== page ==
A quick post following a quick check of some facts.
1 - The budget will be presented on May 1st.
2 - Elections in Ontario are 28 days by law. (As far as I know, this is the minimum, not maximum)
3 - The last two elections, and, fixed election date law, says elections take place on Thursdays.
4 - Budgets are usually not voted on the day they are presented.
Should the budget be debated for a week, this puts any vote on it, (and thus a Vote of Non Confidence, or VoNC) on the 8th.
Should the government fall on a VoNC on the 8th, this would trigger a 28 day election, landing election day on June 5th.
In the middle of this is the May 24 weekend. There is some logic to having a mid-election holiday, as it gives families a chance to get together around the dinner table. This is important as one or more members may say "man, I really hate that ___ guy" or "I really like what I'm hearing from the ___ party". It's not so much that a lengthy and deep discussion of politics occurs, as much as regular voters, who often do not discuss politics, can realize "heh, I didn't think anyone else thought like I did on this issue." This is how momentum can swing; check the polls from the 2006 federal election for how this can work.
With no clear front-runner to downplay a debate, chances are we have more than one. Given the holiday, I say we have two; one before the weekend and one after. My guesses are the 21st and 28th of May. There is no way the Greens show up for the debate; nor would any fussing by them really capture much attention beyond the usual suspects.
As you know, I'm a member of the Liberal Party of Canada, but I talk less about provincial politics, as I'm a member of the provincial Greens. As a Green, I do feel there is some logic to having the Greens in debates in all provinces; after all the Greens are the universal "next" party. They finished 3rd in the most recent SK, BC, and PE elections. 4th in most provinces. In provinces with an extra party, like the PQ, they tend to finish 5th. I do think that you can make a real and valid argument to include the Greens on that basis.
However, what we face here in Ontario is 3 parties, all at about 30% support. Even the worst polls, from 2012, never had any of the big 3 parties dipping below 20%, while no poll has had the Greens above 10%. All 3 major parties are guaranteed a few seats, while the Greens will be extremely lucky to win 1 seat. It's not that Greens should always be excluded, as some seem to think, but that in this election, including them makes no sense. Thus I say as a Green member, the Greens do not belong in the debate.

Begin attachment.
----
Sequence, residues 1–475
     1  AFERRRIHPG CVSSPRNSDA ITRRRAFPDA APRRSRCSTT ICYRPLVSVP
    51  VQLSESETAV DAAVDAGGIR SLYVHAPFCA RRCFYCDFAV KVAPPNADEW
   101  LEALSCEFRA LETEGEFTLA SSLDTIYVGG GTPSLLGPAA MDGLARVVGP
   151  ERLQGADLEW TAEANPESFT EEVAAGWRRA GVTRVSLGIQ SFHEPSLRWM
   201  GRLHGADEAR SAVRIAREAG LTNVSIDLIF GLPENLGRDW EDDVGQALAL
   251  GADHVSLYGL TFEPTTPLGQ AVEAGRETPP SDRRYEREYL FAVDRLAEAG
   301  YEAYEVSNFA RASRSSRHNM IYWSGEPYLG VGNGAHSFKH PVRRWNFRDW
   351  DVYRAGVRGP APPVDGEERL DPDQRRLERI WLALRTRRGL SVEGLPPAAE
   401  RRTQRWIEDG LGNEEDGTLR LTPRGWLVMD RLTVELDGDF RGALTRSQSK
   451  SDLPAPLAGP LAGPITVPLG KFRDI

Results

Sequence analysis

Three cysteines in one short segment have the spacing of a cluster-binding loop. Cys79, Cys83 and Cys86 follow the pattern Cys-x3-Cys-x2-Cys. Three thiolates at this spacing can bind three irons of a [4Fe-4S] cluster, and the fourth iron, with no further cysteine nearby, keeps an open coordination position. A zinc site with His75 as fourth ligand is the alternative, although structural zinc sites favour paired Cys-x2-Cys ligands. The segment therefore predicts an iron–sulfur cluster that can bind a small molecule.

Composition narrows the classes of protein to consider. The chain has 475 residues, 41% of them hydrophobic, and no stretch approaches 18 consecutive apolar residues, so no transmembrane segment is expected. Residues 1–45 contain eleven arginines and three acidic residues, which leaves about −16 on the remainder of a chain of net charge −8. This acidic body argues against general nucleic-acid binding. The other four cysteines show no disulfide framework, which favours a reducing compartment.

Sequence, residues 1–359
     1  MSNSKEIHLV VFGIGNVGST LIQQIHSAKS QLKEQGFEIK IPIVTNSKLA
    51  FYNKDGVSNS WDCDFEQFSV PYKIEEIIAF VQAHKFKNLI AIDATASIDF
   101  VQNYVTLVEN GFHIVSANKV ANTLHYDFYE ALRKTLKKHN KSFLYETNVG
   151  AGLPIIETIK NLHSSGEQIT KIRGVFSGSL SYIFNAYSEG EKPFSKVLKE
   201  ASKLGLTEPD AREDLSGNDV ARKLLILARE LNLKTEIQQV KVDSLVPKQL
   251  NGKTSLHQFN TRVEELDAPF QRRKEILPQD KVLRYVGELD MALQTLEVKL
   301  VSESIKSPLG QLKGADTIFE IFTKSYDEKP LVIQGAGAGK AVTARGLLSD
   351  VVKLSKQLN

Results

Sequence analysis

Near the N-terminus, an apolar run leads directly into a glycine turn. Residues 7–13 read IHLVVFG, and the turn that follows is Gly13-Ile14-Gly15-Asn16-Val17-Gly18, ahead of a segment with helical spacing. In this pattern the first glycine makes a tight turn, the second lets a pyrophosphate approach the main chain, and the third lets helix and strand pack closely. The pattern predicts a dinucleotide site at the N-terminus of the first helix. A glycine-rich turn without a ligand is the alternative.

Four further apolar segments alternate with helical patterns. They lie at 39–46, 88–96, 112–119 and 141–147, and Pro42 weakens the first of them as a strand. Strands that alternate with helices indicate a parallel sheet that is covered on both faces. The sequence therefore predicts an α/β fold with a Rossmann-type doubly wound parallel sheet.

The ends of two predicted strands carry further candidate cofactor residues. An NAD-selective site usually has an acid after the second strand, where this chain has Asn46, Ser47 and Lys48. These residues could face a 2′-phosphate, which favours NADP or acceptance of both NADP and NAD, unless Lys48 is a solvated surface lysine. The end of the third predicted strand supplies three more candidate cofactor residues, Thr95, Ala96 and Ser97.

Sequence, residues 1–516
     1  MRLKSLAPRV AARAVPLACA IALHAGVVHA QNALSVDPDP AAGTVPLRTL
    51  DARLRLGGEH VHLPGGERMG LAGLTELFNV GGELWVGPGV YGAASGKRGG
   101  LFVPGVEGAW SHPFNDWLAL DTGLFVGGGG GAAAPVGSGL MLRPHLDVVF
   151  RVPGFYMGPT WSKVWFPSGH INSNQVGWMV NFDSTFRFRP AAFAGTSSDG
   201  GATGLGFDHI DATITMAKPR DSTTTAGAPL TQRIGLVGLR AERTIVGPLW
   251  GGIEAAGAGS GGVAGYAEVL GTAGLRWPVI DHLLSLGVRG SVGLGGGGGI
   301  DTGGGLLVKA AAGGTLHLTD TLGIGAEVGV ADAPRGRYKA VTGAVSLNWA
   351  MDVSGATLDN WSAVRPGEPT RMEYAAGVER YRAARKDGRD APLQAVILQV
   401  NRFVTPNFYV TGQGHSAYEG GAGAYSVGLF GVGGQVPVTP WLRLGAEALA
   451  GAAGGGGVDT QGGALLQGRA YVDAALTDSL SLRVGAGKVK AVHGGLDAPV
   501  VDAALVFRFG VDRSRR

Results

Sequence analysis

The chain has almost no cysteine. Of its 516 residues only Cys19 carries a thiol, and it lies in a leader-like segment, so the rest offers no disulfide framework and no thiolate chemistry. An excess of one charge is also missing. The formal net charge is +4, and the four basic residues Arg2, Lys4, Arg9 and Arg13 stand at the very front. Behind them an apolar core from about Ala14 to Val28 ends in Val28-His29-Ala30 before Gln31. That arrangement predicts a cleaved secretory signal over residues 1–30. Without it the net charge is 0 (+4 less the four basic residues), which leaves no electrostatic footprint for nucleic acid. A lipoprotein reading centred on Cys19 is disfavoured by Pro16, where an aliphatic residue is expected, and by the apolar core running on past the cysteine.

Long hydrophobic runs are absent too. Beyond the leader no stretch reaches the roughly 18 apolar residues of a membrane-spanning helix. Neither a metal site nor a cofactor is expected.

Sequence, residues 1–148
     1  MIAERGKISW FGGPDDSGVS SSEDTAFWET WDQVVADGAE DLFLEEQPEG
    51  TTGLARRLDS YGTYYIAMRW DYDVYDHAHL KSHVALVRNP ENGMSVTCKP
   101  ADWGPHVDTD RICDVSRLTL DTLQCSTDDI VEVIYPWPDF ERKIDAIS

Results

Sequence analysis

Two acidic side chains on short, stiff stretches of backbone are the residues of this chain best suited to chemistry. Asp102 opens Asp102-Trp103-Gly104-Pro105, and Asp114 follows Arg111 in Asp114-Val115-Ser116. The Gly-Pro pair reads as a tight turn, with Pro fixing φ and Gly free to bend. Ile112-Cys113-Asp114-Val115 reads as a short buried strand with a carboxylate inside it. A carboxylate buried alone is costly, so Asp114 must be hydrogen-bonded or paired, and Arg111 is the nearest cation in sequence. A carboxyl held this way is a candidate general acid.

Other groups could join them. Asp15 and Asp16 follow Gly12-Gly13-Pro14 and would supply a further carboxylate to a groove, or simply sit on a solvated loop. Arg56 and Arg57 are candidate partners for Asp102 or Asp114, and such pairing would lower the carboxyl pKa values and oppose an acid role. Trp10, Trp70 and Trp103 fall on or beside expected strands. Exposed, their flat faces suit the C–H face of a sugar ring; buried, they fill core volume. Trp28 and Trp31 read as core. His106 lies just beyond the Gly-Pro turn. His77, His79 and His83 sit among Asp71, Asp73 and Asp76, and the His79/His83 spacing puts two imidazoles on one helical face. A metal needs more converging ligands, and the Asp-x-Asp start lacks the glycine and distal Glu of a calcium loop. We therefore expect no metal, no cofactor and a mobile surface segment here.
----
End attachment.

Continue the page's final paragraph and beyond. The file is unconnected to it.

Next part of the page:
As for who will win, that remains to be seen. The most recent poll had the Liberals at near 40%. I ignore that. We remember what happened in Quebec when the government started to pull away and called an election. As I understand things, we have a truly open contest.
There are 6 possible outcomes. All 6 are realistic and real possibilities.
Majority, for either the Liberals, PC, or NDP. Minority for either the Liberals, PC, or NDP.
As time goes on, polls will determine which of these become unlikely. If the NDP can not improve it's poll numbers, an NDP victory can be scratched off the table. The same goes for any other party that takes a huge dive.
Lastly, a more personal note. I got to meet with Premier Wynne and pitch to her my ideas for Public Transit. I was somewhat limited to discussing Transit, but that's okay, as Transit is one of my top key issues; I rate it #1 ahead of Senate Reform.
My #3 idea is transportation as a whole. More freeways, better freeways, less traffic, less congestion.
While meeting with the Premier, I told her that I think she can win an election on this. Her actual Moving Ontario Forward plan is stronger than I was able to pitch. While it does not contain 100% of what I'd like to see, I am a realist, and know that this is the best way to get half of what's needed in place so we can build the other half as an addition.
As far as I can tell, the Ontario Liberals are doing everything they need to. If they do screw up, I'll let you all know. However, this brings to me a personal dilemma.
I told the Premier she can win on this plan. I told her that because I honestly believe it. Now she is running on this plan.
A loss for her on the issue will not only be a loss for me, but for Ontario as well.